It’s fair to say Carl Frampton had a frustrating year in 2017. After suffering his first professional defeat against Leo Santa Cruz in January, he has since endured a fight cancellation, an acrimonious split from long-time manager Barry McGuigan, and a knockdown in what was supposed to be a routine comeback fight against Horacio Garcia in November in his first outing under new promoter Frank Warren. However, on Saturday, he has the perfect opportunity to put all of these frustrations behind him as he faces veteran Filipino Nonito Donaire in his home city of Belfast.
Donaire himself has also endured a tough time of late. Since losing his WBO super-bantamweight title to Jesse Magdaleno in November 2016, he has fought once, a routine 10-round unanimous decision against Ruben Garcia Hernandez. However, the 35-year-old has a wealth of experience to fall back on, having won world titles in four weight classes from flyweight to featherweight in a professional career spanning seventeen years. Up at featherweight he has not quite hit the same heights as he did in the lower weight classes, yet he remains a dangerous opponent for Frampton.
Throughout his career, Nonito has always been a very effective counter-puncher, and while Frampton goes into this fight as favourite, you suspect that he will have to improve on his previous outing if he is to come away with the win. There is much at stake here, on the line is the WBO Interim featherweight title (and with it a potential clash with Mexico’s Oscar Valdez), whereas the loser may have a long way to go to get back into title contention. At this stage in his career, Frampton should still be fresh enough to earn the victory, most likely by way of a unanimous decision.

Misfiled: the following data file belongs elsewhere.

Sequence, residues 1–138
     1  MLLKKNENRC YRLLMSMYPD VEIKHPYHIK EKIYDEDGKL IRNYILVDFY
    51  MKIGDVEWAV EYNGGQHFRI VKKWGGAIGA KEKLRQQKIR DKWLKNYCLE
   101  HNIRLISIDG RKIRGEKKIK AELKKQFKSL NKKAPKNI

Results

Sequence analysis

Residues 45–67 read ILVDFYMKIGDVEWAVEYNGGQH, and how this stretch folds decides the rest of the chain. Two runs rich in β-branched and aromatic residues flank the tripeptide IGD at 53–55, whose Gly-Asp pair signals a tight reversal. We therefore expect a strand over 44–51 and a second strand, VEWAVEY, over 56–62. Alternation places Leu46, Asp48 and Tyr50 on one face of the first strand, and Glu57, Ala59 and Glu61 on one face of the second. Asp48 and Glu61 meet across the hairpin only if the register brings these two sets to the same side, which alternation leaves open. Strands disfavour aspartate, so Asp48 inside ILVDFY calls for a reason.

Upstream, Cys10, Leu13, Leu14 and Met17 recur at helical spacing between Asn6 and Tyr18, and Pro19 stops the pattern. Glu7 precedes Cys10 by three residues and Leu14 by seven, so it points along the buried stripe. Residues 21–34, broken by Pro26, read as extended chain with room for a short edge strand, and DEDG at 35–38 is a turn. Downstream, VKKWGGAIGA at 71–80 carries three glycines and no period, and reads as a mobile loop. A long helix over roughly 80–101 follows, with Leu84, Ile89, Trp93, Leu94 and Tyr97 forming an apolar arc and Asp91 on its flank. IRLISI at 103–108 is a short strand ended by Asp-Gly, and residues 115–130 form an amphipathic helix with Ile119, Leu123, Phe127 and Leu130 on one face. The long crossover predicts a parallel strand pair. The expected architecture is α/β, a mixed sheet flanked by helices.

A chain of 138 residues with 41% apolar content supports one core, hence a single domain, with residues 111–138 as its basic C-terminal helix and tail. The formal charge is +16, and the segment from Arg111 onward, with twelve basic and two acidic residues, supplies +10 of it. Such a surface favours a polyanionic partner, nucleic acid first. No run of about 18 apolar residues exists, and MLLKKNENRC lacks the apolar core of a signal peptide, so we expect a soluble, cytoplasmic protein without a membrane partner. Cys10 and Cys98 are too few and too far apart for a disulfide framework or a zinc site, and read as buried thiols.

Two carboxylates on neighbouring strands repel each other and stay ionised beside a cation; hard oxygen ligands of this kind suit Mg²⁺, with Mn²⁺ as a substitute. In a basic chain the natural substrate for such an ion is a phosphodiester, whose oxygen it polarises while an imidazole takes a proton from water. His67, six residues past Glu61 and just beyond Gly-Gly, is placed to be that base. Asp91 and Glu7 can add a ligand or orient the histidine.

On the undercard, South African stylist Zolani Tete returns to Belfast to defend his WBO bantamweight title against Argentine Omar Andres Narvaez. At the grand old age of 42, Narvaez is not in his prime, but since last losing to Japanese phenom Naoya Inoue in December 2014, he has looked decent, albeit at a lower level. While Tete has looked sensational of late, his stunning eleven second KO of countryman Siboniso Gonya in particular turning heads, Narvaez has much greater pedigree than any of Tete’s recent opponents. Tete is expected to win, but if he could carry on his recent form and blow away Narvaez like Inoue did, it would send a message to the rest of the division, and no doubt increase the clamour for a showdown with Belfast’s Ryan Burnett.
There is also plenty more Irish interest on the card, with three decent-looking north-south encounters. Dublin’s Jono Carroll faces local boy Marco McCullough in a crossroads encounter at super-featherweight. At light-welterweight, fellow Belfast fighter Tyrone McKenna makes a step up in class as he fights Belfast’s Anto Upton Jr. Craigavon’s Conrad Cummings and Dublin’s Luke Keeler both look to regain some momentum as they meet in a middleweight encounter. All three have the potential to be highly competitive and fan-friendly fights which could provide a springboard for bigger things.